Mon 1 Nov 2010
By “My First Gnocchi,” I mean my first time to make gnocchi; I mean, I’ve eaten gnocchi many times, mainly in its manifestation as heavy, doughy little indigestible depth-charges. I’ve always avoided making gnocchi because it — really they, right? — felt more trouble than the effort could be worth, and truly the process is a kitchen-wrecker par excellence. Still, I decided to prepare Butternut Squash Gnocchi with Sage Brown Butter, from the October issue of Bon Appétit, for Halloween night because it seemed like an appropriate autumnal sort of dish. The recipe is from an article about New York Italian restaurant lynch-pin Lidia Bastianich and a typical Friulian meal.
As I said, this was a trek into virgin culinary territory for me, and I was certain as the prepping and mixing and cooking and rolling out and cooking and more cooking went on that I was doing everything wrong. Lo and behold, however, the things actually turned out pretty damned light and airy, just as gnocchi ought to be. LL allowed as how they were as good at the ones she had eaten at Cent’Anni in New York, eons ago. I’ll admit that they were — aw shucks, darnit! — delicious.
I thought that a good way to start — btw, we were watching the excellent Swedish vampire pre-teen love story “Let the Right One In” — would be with a bottle of Dogfish Head Punkin Ale, a seasonal brew, from the well-known independent (and eccentric) brewery in Milton, Delaware, described as “a full-bodied brown ale brewed with real pumpkin, brown sugar, allspice, cinnamon & nutmeg.” When I first read these words on Punkin Ale’s label, I shuddered; how, I pondered, could this be anything but too sweet? But no, the spicy “Thanksgiving-like” aspects are very subtle. There’s a sense of sweetness, but it’s encompassed by the ale’s nut-brown richness and balance and the thwacking touch of bitterness on the finish. It was wonderful with the gnocchi. Dogfish Punkin Ale is released early in September and is usually sold out by late November. I paid $3 for a 12-ounce bottle at a retail liquor store that sells “big” beer. I noticed that it’s available by the six-pack at the local Whole Foods. I think I’ll buy one.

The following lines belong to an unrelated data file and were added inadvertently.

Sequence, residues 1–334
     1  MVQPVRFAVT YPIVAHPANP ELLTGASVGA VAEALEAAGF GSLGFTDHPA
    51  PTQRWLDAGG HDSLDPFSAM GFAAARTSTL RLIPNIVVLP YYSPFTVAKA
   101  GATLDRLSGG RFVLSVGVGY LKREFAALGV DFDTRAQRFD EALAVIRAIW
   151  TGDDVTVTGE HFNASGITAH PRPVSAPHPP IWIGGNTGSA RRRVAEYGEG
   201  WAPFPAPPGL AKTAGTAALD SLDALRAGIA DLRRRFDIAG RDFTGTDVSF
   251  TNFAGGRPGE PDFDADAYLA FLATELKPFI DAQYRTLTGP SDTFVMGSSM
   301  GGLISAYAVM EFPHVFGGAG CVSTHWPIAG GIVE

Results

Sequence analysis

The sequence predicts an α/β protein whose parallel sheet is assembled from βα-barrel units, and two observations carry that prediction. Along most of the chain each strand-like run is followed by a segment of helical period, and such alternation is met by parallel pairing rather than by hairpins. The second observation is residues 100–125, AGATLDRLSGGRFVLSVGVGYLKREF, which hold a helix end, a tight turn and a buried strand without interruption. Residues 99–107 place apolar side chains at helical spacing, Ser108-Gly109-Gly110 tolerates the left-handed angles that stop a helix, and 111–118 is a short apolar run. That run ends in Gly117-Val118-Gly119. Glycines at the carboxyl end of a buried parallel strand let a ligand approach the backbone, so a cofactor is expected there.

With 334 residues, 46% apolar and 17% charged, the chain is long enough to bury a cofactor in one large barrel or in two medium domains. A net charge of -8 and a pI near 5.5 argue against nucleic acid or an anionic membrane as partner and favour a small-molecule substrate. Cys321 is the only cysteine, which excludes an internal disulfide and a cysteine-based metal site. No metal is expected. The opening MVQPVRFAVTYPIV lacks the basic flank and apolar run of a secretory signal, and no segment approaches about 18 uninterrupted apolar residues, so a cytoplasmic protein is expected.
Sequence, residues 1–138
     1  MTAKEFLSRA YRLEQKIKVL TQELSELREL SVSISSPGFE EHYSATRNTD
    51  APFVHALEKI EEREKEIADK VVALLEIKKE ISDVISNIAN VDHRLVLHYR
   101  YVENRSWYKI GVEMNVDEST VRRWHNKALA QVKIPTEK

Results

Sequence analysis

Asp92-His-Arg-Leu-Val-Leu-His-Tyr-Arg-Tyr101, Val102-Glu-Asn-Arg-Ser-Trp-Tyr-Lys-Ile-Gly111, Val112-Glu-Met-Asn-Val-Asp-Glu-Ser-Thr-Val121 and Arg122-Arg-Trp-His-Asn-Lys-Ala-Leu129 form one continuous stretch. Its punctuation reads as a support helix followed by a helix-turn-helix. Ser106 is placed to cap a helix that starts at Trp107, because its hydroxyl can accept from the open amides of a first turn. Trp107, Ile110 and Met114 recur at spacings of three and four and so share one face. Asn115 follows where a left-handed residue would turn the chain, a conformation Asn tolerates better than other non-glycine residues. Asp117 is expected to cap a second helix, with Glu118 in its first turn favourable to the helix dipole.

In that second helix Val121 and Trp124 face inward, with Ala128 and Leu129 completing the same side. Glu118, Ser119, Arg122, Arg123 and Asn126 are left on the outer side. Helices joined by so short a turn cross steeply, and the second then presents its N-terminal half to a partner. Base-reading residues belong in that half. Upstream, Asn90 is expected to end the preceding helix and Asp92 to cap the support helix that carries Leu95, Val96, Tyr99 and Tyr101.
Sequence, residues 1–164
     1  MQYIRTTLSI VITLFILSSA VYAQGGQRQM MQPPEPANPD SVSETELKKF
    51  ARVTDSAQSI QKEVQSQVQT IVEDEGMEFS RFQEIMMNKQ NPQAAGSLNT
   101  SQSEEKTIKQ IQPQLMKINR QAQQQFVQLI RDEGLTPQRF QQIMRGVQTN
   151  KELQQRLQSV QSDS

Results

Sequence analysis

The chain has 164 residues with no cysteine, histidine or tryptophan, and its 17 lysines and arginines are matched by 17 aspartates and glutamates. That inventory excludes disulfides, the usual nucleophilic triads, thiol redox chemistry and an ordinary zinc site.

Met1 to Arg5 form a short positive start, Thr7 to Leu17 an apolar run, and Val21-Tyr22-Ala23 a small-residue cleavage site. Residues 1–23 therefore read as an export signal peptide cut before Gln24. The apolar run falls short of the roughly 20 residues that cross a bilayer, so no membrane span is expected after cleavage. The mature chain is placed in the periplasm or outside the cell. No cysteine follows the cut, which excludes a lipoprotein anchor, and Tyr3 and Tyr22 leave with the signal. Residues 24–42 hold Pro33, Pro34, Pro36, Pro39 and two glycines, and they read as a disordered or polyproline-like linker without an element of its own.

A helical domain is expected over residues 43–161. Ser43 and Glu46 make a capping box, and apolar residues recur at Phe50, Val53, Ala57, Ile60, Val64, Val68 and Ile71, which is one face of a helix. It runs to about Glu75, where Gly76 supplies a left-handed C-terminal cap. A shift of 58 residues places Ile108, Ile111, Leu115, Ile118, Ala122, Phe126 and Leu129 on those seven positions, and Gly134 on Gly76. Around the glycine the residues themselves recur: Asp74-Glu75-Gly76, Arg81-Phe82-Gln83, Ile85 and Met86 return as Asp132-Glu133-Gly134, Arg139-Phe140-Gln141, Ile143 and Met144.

From the Punkin Ale, we turned to a completely different but just as satisfying experience. Lydia Bastianich and her son Joe, also a very successful restaurateur (with partner Mario Batali), own a winery in the Friuli region of northeast Italy. The estate turns out well-crafted red and white wines, but recently, as in October, Bastianich released a new line of affordable wines called Adriatico. The wines in the line-up are a Friulano from Italy’s Friuli Venenzia Giulia region, a ribolla gialla from the Brda region of Slovenia, and a malvasia Istriana from Croatia, all of these areas linked geographically by their access to the most inland tip of the Adriatic Sea, as well as by history and culture.
I opened the Bastianich Adriatico Friulana 2009, Colli Orientali del Friuli, and was mighty glad that I did. Yes, it drank very nicely with Lydia Bastianich’s Butternut Squash Gnocchi with Sage Brown Butter — and only Bastianish wines are recommended with the recipes in the magazine — but even more, it displays gratifying quality and character for the price; in fact, let’s call it compelling. First impression is generally spicy and floral and minerally, while the latter element rapidly rises to the top in a tide of scintillating limestone that bears roasted lemon and lemon balm and a hint of almond and almond blossom. The wine is very fresh, crisp and lively, very dry, yet juicy (stopping short of luscious) and flavorful in a way that’s both fruity and savory; I swear, it felt as if the spareness of cucumber and dried thyme were balanced by ripe pear, lychee and bacon fat, the wine is that macerated and meaty. Yet — another “yet” — there’s nothing obvious, flamboyant or overwhelming here; all is serenity, poise and equilibrium. Drink now through 2011 or into 2012. Alcohol is $13. Excellent. About $15, a Phenomenal Bargain.
Dark Star Imports, New York. A sample for review.